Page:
Such price increases hurt a wide segment of the population and affect aid networks that depend on donations. A steady flow of donations typically depletes Second Harvest Foodbank’s food stock, but since the pandemic began, Tzelar estimates the nonprofit has lost 15% of its donation stream. It has turned to farms, retailers and food processors to make a difference.

A worker holds bags of sweet potatoes in a container at an Alameda County Community Food Bank warehouse on November 5, 2021 in Oakland, California.

A worker holds bags of sweet potatoes in a container at an Alameda County Community Food Bank warehouse on November 5, 2021 in Oakland, California.

As demand picks up ahead of Thanksgiving — Tazelar says the food pantry has increased its orders over the past three weeks — supply chain issues and competition, coupled with higher food costs, make this time of year more difficult. are. He notes that the people Second Harvest Foodbank helps are hurt the most by the price hike.

“It’s eye-opening to see a line of 50 cars, or 100 cars, and pull them into the parking lot, and tears in their eyes as they pull over because they’re so grateful that They’re getting a little help,” Tjelar said.

Another New York City food pantry, The Bowery Mission, is gearing up to serve more than 1,000 people on Thanksgiving. As head of one of the city’s oldest aid services, James Winans said his soup kitchen has had to bow down to the winds of a challenging pandemic, fueled by supply issues and high demand from down-and-out New Yorkers. is favorable.

“Rising food prices and, in some ways, a sluggish job recovery in New York have combined to place a higher burden on low-income New Yorkers,” he said. “We can certainly anticipate that we will see some new faces on Thanksgiving this year.”

New York Governor Cathy Hochul and Cardinal Timothy Dolan hand out free food supplies at a food distribution event organized by Catholic Charities of the Archdiocese of New York ahead of the Thanksgiving holiday in the Harlem section of Manhattan in New York City.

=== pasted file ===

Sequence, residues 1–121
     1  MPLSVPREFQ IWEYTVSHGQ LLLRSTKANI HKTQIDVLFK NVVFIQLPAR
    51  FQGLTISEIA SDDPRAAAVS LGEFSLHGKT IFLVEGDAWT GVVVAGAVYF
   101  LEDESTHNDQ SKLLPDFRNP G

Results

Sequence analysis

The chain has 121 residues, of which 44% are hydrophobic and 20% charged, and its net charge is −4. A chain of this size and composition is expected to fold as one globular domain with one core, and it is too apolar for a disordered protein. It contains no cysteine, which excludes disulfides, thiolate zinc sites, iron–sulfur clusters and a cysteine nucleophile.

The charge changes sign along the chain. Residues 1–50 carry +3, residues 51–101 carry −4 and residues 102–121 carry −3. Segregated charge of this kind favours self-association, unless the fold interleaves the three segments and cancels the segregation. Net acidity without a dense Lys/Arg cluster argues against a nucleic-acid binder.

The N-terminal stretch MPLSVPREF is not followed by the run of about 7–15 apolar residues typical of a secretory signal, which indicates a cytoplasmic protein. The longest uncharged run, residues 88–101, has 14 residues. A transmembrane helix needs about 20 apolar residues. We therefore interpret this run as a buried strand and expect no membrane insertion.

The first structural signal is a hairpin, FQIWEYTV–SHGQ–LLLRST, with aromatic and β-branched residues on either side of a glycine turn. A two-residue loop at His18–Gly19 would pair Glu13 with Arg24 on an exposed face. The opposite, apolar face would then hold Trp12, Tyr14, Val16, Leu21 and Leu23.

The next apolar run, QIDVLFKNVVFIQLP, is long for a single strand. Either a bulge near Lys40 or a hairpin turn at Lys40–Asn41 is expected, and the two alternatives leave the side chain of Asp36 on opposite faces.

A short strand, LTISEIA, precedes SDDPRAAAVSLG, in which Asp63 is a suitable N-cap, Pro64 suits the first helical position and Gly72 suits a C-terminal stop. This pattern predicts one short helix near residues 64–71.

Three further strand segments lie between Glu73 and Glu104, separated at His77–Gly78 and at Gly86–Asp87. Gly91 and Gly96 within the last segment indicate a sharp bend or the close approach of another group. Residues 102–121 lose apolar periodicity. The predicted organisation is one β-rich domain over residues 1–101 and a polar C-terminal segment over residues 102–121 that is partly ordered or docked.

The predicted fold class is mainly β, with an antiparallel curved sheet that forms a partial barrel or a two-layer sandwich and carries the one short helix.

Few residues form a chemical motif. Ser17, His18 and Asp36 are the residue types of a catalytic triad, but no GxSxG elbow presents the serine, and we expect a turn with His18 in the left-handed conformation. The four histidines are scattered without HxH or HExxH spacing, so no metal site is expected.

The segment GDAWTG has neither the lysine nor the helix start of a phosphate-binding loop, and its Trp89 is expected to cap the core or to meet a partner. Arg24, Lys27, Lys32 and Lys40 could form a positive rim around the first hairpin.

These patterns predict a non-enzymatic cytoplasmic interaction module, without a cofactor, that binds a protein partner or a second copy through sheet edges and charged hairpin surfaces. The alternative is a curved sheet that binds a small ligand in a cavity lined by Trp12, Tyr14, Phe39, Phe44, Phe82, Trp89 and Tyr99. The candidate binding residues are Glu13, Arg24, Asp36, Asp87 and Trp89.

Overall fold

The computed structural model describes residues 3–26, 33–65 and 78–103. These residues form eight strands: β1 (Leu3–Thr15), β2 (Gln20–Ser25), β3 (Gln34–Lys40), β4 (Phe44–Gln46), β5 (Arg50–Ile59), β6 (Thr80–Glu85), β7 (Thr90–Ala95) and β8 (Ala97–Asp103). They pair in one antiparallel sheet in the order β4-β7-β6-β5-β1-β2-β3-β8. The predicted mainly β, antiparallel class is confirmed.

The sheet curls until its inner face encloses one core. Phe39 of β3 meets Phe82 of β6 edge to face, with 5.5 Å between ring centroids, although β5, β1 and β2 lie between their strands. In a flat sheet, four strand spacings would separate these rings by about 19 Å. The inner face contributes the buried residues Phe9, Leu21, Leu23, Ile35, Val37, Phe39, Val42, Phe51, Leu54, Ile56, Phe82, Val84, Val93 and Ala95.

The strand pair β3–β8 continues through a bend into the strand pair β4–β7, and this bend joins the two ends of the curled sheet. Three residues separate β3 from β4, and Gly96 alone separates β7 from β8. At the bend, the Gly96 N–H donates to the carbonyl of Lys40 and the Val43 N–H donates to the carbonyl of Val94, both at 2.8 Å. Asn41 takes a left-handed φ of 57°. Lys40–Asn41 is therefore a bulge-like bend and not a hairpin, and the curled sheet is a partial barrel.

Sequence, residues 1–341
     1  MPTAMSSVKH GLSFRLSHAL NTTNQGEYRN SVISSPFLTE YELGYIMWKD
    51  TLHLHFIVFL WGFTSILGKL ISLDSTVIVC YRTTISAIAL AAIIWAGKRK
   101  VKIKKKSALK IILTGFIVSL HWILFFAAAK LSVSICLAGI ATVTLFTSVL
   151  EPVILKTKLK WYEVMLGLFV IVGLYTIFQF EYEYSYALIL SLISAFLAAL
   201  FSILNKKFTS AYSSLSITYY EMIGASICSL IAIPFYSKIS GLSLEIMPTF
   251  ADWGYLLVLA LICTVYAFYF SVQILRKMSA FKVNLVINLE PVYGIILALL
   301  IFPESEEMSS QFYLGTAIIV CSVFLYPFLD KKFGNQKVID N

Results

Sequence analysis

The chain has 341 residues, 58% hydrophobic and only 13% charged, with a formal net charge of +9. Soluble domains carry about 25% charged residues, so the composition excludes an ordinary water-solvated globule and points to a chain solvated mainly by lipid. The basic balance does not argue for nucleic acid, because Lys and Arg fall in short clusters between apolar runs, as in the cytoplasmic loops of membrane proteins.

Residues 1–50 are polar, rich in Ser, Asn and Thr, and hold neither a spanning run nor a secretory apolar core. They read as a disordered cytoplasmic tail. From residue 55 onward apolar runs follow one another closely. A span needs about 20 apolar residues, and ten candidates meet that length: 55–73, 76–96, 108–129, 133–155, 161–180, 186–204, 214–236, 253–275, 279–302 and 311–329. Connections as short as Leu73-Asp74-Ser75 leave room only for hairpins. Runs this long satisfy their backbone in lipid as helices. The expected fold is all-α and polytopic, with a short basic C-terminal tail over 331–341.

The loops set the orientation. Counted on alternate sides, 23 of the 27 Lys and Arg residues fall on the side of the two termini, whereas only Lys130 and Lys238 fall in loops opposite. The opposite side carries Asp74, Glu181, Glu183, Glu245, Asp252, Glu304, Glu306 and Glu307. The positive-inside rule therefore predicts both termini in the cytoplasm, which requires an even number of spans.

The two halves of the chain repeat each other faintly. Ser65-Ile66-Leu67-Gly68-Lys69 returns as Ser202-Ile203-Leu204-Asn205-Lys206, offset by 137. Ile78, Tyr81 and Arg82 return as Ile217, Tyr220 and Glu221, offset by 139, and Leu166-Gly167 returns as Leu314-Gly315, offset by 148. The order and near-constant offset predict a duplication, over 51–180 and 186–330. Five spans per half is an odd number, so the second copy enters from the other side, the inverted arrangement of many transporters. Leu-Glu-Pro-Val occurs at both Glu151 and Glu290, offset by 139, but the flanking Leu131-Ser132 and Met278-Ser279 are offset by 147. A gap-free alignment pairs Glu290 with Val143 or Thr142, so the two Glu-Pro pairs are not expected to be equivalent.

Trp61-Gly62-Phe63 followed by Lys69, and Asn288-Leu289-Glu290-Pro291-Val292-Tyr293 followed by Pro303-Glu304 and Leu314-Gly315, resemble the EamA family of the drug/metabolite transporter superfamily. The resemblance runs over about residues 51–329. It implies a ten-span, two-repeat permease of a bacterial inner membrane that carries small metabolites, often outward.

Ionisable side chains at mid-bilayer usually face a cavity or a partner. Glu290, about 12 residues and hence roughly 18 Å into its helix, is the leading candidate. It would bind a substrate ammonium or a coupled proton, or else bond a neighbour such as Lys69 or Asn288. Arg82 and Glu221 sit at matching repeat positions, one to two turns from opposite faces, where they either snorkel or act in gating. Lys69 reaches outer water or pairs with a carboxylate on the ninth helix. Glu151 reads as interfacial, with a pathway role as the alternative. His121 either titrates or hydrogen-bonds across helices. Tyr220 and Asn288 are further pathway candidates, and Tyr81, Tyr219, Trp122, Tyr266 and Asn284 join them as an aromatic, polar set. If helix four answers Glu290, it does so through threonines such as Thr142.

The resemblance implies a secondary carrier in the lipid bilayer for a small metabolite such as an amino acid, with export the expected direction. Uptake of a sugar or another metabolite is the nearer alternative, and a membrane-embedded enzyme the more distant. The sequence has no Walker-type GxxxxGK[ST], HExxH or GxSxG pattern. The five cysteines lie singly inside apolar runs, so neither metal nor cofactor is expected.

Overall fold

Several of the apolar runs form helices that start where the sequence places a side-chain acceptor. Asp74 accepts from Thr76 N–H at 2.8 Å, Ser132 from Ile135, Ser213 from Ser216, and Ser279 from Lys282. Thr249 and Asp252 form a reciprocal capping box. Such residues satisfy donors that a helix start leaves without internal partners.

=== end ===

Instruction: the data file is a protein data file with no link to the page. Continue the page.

New York Governor Cathy Hochul and Cardinal Timothy Dolan hand out free food supplies at a food distribution event organized by Catholic Charities of the Archdiocese of New York ahead of the Thanksgiving holiday in the Harlem section of Manhattan in New York City.

Like other food pantries, The Bowery Mission relies almost entirely on donations. Winans said that isolates his balance sheet from rising food prices, and although some suppliers have dialed back their donations, other sources maintain a steady flow of food into their kitchens.

A Whole Foods Market down the street stocked The Bowery Mission with produce; City Harvest, another New York City-based organization, isn’t ready to “rescue” food tossed from local restaurants just yet. In Lancaster County, Pennsylvania, Mennonite and Amish farmers provide The Bowery Mission with most of their eggs and sugar.

“We have a very diverse stream of food donations that are coming to the mission,” Winans said, “and I think that helps with one aspect of the supply chain disruptions is that there are these other sources of food that our are available for.”

Denver Broncos cornerback Essang Bassey selects frozen turkey to be placed in a Thanksgiving Day banquet box in a vehicle on November 23, 2021, outside Empower Field at Mile High in Denver, Colorado.

Denver Broncos cornerback Essang Bassey selects frozen turkey to be placed in a Thanksgiving Day banquet box in a vehicle on November 23, 2021, outside Empower Field at Mile High in Denver, Colorado.

With 200 turkeys, 300 pies, 1,000 pounds of vegetables and 3,000 pounds of potatoes on tap this week, Winans said Bowery Mission is ready for a busy Thanksgiving.

“Sometimes it’s a meal or an article of clothing or a doctor’s appointment, whatever we’re offering free of charge, no questions asked — it’s often the first step toward a complete life change,” They said. “We want to be that place for people who have nowhere else to go, and there’s no one else in the world to take care of them.”

,

This article is republished from – Voa News – Read the – original article.

Nation World News is the fastest emerging news website covering all the latest news, world’s top stories, science news entertainment sports cricket’s latest discoveries, new technology gadgets, politics news, and more.

LATEST NEWS

Related Stories